Taking a break from your loan repayments
We all need to take a break now and then. Taking a repayment holiday on your mortgage is like taking annual leave - it gives you some time off and relieves the stress of everyday life.
How does it work?
In most cases you’ll apply for a repayment holiday with your lender. An agreement will then be put in place that allows home loan payments to be put on hold for a set period of time.
Whilst repayment holidays have advantages and are useful for certain situations, there are also some other factors to consider. Before deciding if a repayment holiday is right for you, it's important to know the ins and outs to make sure your choice is a sensible one.
What are the advantages?
Your mortgage is usually your biggest monthly expense. If you’re having financial challenges and are concerned about meeting your home loan repayments, then a repayment holiday could help you get your finances back under control.
Life is unpredictable. If you find yourself in a situation where you’re facing unexpected expenses such as a divorce, the birth of a child, a death in the family or a change in employment, you might consider a repayment holiday.
If you haven’t got mortgage insurance and you’re struck down by unexpected injuries or illnesses that prevent you from working, a repayment holiday could be the right option for you.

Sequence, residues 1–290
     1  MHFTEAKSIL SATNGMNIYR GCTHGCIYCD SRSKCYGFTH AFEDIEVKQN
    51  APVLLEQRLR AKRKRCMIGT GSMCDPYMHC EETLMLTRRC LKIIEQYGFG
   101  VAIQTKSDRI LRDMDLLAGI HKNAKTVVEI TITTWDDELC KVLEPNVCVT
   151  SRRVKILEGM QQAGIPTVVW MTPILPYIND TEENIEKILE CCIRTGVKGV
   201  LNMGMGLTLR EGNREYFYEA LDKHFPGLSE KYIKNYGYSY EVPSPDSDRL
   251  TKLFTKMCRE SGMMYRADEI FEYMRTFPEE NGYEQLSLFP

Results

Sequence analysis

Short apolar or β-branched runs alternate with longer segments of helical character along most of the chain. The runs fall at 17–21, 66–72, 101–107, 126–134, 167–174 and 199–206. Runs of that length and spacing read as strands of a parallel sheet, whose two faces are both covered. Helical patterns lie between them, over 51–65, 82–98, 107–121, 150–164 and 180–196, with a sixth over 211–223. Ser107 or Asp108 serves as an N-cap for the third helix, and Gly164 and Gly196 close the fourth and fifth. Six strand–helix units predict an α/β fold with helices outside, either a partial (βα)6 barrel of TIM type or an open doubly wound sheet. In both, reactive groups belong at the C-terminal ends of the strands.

You can usually apply for a repayment holiday for anywhere between three and 12 months, however each lender will vary and you will be assessed based on your individual mortgage and financial situation.
The main disadvantage of repayment holidays is that interest is still incurred on the loan over the hold period, meaning that it will cost you more throughout the life of your loan.
Some lenders charge fees on repayment holidays, which again adds to the overall amount of your loan.
If the added cost outweighs the benefit of a repayment holiday, there are some alternatives you can consider.
Rather than putting your repayments on hold, you might like to consider reducing how much you pay each month. You could also speak to your lender about the possibility of paying interest only for a period of time. These options allow you to still pay off your loan and also frees up some money for the other areas of your life.
At the end of the day, it all depends on your circumstances and your lender. If you’re worried that you might need to look at these options down the track, speak to a mortgage broker and set out a plan that takes into account your personal situation.